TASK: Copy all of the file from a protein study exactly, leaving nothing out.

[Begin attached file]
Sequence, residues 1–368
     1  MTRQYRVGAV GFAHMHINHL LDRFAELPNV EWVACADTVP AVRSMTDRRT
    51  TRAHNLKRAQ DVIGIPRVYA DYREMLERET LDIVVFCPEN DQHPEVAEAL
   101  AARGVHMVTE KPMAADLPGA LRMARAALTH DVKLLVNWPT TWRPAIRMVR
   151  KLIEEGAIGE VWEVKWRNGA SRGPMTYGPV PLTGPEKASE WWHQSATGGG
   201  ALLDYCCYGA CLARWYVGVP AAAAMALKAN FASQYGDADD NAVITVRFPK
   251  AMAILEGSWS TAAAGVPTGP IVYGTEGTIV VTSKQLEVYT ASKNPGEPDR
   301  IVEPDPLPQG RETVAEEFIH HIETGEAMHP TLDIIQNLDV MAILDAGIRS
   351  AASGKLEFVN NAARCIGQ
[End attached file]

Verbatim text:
Sequence, residues 1–368
     1  MTRQYRVGAV GFAHMHINHL LDRFAELPNV EWVACADTVP AVRSMTDRRT
    51  TRAHNLKRAQ DVIGIPRVYA DYREMLERET LDIVVFCPEN DQHPEVAEAL
   101  AARGVHMVTE KPMAADLPGA LRMARAALTH DVKLLVNWPT TWRPAIRMVR
   151  KLIEEGAIGE VWEVKWRNGA SRGPMTYGPV PLTGPEKASE WWHQSATGGG
   201  ALLDYCCYGA CLARWYVGVP AAAAMALKAN FASQYGDADD NAVITVRFPK
   251  AMAILEGSWS TAAAGVPTGP IVYGTEGTIV VTSKQLEVYT ASKNPGEPDR
   301  IVEPDPLPQG RETVAEEFIH HIETGEAMHP TLDIIQNLDV MAILDAGIRS
   351  AASGKLEFVN NAARCIGQ